Saturday, January 28, 2017

Our day of Survival.

It's our love day.

Our happy day.
Our thankful for everything day.

But more specifically, today is our 'thankful for Elam' day.

You see, it's been 4 years. Four years since our hearts were at their heaviest. Four years since we rallied ourselves to make the hour drive to Jackson, MS awaiting confirmation on our darkest fear. It's been four years since the reality of "Your will, not mine, Lord." 

And it's been four years since we heard those happy words, "Your son has spina bifida."

There is a lump in my throat today. One that is there on occasions like this that so guiltily reminds me how much I have to be grateful for. 

If you're just joining our story, if you're not really sure why we'd consider Spina Bifida "happy words," I'll catch you up. 

You see. Four days before, we were told we were having a boy. A sweet boy who was struggling inside of me and there was nothing I could do to help him. A precious son who would probably not live more than 24 hours after birth. We spent a weekend crying huge salty tears from the depths of our very broken hearts, wondering about funeral plans. 

For the entire story, click here.

So, you see. Today is a lovely day.
A day in which we celebrate and go out of our way to keep the mood light and happy.
Today, we celebrate life.
We celebrate differences.
We celebrate wheelchairs.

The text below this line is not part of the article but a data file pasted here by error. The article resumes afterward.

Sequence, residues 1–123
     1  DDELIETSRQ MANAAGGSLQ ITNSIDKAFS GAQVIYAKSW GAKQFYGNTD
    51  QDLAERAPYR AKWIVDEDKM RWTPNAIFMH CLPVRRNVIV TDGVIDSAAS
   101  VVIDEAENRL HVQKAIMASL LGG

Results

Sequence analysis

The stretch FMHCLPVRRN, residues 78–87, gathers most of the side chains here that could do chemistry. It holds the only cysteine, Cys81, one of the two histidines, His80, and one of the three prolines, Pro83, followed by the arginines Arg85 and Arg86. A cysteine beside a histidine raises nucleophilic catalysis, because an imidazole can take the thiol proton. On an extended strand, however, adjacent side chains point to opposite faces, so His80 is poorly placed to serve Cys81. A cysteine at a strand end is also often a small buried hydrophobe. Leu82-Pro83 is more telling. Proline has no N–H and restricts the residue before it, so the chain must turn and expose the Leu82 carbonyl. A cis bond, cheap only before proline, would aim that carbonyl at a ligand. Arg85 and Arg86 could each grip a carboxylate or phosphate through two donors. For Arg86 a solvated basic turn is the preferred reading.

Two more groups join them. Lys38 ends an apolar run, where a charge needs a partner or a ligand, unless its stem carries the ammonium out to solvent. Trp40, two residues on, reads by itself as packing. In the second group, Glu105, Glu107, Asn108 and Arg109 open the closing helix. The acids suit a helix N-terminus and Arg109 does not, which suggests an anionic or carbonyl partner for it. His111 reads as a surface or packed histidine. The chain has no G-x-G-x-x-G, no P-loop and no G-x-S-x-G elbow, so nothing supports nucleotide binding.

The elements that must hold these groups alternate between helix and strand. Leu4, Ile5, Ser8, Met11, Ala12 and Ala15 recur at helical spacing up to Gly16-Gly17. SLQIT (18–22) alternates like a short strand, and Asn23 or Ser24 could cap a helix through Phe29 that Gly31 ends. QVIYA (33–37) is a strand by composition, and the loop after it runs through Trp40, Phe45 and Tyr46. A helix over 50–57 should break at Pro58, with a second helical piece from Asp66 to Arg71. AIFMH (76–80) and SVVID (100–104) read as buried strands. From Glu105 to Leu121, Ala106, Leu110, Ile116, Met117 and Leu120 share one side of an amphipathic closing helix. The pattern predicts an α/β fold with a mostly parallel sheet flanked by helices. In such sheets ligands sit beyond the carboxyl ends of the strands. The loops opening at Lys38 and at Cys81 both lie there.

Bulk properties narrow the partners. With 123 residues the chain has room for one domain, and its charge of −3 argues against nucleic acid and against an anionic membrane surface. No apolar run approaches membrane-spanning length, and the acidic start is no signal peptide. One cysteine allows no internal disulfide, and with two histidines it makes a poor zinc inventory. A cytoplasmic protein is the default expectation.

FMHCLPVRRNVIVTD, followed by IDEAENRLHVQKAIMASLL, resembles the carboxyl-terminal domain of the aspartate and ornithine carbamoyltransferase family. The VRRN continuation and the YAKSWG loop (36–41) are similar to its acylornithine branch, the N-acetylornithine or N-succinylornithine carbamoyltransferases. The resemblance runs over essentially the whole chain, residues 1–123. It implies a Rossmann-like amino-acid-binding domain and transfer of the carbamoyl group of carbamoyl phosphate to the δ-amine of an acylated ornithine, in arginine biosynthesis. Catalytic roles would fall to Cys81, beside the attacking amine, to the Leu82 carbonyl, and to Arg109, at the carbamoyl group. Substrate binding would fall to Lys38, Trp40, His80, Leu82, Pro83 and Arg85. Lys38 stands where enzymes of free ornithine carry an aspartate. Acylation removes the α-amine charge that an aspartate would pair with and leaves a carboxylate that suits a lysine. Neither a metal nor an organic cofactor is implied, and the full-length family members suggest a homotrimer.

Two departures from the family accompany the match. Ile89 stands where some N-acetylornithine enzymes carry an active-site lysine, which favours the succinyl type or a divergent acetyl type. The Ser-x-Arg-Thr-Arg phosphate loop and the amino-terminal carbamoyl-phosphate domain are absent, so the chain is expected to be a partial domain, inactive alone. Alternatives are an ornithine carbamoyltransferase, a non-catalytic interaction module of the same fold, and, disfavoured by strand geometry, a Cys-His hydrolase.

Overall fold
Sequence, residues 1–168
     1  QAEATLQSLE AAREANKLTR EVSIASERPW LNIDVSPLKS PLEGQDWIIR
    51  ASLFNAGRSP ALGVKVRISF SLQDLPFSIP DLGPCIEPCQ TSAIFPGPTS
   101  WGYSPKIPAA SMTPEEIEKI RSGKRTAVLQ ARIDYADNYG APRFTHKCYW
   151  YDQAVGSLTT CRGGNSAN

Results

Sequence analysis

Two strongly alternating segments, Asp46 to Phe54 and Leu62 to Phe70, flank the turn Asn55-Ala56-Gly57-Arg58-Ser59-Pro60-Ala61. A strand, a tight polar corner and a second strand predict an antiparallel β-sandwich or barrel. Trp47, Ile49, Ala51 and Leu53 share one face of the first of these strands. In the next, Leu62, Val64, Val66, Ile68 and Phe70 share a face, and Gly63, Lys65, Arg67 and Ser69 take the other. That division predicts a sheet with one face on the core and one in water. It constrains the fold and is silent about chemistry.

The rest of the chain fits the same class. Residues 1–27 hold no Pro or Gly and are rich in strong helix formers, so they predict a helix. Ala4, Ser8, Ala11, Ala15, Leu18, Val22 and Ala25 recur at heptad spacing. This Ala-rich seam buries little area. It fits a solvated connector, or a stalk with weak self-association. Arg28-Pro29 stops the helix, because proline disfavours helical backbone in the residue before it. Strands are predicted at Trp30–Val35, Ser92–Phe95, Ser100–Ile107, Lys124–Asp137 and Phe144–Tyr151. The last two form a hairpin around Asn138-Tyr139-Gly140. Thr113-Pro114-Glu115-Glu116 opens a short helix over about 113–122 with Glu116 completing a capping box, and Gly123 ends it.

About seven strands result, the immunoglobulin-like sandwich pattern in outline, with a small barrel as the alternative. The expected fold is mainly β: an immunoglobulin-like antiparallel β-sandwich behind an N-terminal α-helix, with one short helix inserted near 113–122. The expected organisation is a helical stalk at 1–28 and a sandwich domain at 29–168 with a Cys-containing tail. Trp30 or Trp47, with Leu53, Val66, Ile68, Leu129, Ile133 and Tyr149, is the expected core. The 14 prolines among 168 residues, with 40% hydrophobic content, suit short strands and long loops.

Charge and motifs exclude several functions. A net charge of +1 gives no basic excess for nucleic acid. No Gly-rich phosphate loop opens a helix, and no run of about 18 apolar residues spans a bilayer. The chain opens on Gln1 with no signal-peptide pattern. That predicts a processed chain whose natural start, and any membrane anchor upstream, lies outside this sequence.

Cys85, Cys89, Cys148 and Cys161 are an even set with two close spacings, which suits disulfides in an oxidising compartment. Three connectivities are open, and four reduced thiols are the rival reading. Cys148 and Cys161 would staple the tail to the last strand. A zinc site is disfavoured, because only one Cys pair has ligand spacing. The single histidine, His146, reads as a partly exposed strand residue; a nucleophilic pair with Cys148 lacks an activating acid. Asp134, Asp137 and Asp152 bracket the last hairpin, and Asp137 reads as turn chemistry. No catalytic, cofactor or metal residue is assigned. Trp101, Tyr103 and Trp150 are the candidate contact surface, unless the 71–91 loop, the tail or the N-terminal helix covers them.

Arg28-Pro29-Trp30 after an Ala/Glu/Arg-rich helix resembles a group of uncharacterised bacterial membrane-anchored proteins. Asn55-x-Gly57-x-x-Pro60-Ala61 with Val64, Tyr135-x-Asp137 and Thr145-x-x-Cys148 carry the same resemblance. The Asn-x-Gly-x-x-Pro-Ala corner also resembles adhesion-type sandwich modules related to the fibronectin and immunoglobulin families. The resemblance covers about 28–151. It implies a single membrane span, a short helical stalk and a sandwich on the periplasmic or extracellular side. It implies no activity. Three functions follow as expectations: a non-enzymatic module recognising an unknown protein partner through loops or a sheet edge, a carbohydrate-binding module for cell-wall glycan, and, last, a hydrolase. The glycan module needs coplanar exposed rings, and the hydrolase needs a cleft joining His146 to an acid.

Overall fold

We celebrate Elam.

From the outside looking in, today doesn't look much different than most. There are no fireworks or balloons. There aren't any special songs or gifts. Instead, there's just a lot of being intentional and a lot of saying yes.

"Yes! I'll hold you!"
"Yes! I'll lay with you!"
"Yes! You can stir the brownie batter AND lick the spoon!"

Less of 'Give me a minute." And more of, 'These chores can wait."

You see. Its easy to get wrapped up in the stresses and messes of the day to day life. It's easy to dwell on the hard when your back aches from lifting and your head hurts from juggling the very big emotions of three young kids. But today. Today is our day of survivial. Our day that helps us remember the gifts of this life and - oh how sweet those gifts are!

Happy Elam Day, everyone. I hope you find as much joy in today as we do!

Wednesday, March 18, 2015

Wake up, sista!

A girl just wants a nap. 

Brother just wants to play. 

A day in the life of older sister struggles. 

Wednesday, February 25, 2015

14 cents of happiness.

It's the simple things. 

Like these 14 cent hearts from the clearance aisle. 

The kiddos love them! They've been playing nicely for an hour, meaning I love them, too! 

Happy Wednesday!

Wednesday, January 28, 2015

Dear mom on diagnosis day: Spina Bifida.